Taliban supreme leader Akhundzada has tightened his grip on power – Argus News


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Taliban supreme leader Mullah Haibatullah Akhundzada, has dominated decision-making as the hard-line Islamist group continues to restore many of the draconian policies it was infamous for when it ruled Afghanistan from 1996 to 2001, according to reports.
New Delhi, Jan 22: Taliban supreme leader Mullah Haibatullah Akhundzada, has dominated decision-making as the hard-line Islamist group continues to restore many of the draconian policies it was infamous for when it ruled Afghanistan from 1996 to 2001, according to reports.

And while there has been some consistent backlash within the Taliban's ranks, Akhundzada has cemented himself as the final say in virtually all matters by micromanaging the Taliban government and decreeing policies that deprive Afghans of fundamental rights.

Few Taliban members can reach him, and even fewer Afghans have seen him. He refuses to meet foreigners, including the most distinguished religious scholars from the Muslim world, RFE/RL reported.

In his attempt to create what he sees as a "pure" Islamic system, experts say, Akhunzada has alienated Afghans and the outside world and is steering the Taliban and the country he rules down a destructive path.

Michael Semple, a former European Union and UN adviser to Afghanistan, says that resistance to Akhunzada's uncompromising approach could unleash another destructive civil war or even spill over Afghanistan's borders, RFE/RL reported.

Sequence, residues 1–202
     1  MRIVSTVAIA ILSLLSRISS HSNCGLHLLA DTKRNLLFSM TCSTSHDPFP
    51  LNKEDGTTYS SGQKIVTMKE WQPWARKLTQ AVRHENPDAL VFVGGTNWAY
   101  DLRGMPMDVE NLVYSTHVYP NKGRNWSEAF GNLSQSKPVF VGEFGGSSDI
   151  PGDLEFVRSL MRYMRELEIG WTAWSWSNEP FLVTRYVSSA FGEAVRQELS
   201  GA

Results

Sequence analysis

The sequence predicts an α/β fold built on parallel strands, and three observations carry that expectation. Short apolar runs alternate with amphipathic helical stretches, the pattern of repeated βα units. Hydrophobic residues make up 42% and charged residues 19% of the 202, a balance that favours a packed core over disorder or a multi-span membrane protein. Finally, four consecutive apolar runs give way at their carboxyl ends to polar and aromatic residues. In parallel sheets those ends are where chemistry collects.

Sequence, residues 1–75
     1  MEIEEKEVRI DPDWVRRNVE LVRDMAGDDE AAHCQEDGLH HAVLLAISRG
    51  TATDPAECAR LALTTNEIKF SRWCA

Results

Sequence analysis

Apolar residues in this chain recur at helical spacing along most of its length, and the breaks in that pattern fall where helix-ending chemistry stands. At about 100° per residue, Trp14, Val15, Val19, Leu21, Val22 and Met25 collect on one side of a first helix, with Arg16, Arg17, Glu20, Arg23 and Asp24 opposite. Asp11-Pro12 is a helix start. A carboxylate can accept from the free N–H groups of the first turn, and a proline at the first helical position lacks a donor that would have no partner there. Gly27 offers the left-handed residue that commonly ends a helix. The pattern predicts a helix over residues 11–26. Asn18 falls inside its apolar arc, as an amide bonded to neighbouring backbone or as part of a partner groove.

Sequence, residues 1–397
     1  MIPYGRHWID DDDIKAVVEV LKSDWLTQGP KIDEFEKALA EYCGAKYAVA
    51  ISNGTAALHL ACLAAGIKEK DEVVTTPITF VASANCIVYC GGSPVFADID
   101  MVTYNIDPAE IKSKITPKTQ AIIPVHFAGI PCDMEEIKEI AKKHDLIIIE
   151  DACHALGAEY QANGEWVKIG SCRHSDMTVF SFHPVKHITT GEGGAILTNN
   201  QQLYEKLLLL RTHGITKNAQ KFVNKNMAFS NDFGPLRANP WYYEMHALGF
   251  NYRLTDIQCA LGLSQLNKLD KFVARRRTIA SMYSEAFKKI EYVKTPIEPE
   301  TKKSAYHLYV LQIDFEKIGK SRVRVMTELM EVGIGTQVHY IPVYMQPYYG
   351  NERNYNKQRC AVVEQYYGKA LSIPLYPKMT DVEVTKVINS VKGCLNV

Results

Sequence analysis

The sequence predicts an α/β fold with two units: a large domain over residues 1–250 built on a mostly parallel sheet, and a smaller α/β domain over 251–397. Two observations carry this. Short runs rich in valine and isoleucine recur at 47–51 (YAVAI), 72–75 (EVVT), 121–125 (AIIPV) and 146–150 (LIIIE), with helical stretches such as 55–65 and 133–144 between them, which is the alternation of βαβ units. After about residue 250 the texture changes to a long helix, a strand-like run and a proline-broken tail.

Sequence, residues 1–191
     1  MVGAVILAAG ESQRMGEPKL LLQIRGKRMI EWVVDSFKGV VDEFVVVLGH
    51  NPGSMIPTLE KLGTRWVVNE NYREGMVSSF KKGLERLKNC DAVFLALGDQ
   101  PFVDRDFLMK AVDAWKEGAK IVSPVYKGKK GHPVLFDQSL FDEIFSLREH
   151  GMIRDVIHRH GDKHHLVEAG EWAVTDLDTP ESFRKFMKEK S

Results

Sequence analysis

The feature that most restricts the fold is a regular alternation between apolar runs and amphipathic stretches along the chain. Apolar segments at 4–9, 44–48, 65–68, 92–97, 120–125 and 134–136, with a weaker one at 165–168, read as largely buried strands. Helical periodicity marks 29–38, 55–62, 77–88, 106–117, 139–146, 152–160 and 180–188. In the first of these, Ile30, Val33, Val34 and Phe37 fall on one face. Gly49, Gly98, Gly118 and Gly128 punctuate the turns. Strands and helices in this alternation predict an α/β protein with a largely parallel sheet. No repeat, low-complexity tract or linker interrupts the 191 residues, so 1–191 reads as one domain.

But more than 16 months of Taliban rule under Akhundzada's leadership has poured cold water on the hopes of Afghans and the international community for peace and stability.

Semple says that Akhundzada's loyal followers want to establish their extreme vision of Islamic rule at all costs, regardless of the consequences.

"The Taliban is an armed Islamist revolutionary movement, long committed to establishing their version of an Islamic state and society by force of arms," he said.

Sami Yousafzai, a veteran Afghan journalist and commentator says that following the Taliban takeover in August 2021, Akhundzada kept his distance from the group's caretaker government in Kabul by choosing to stay in the southern Afghan city of Kandahar.
(IANS) 

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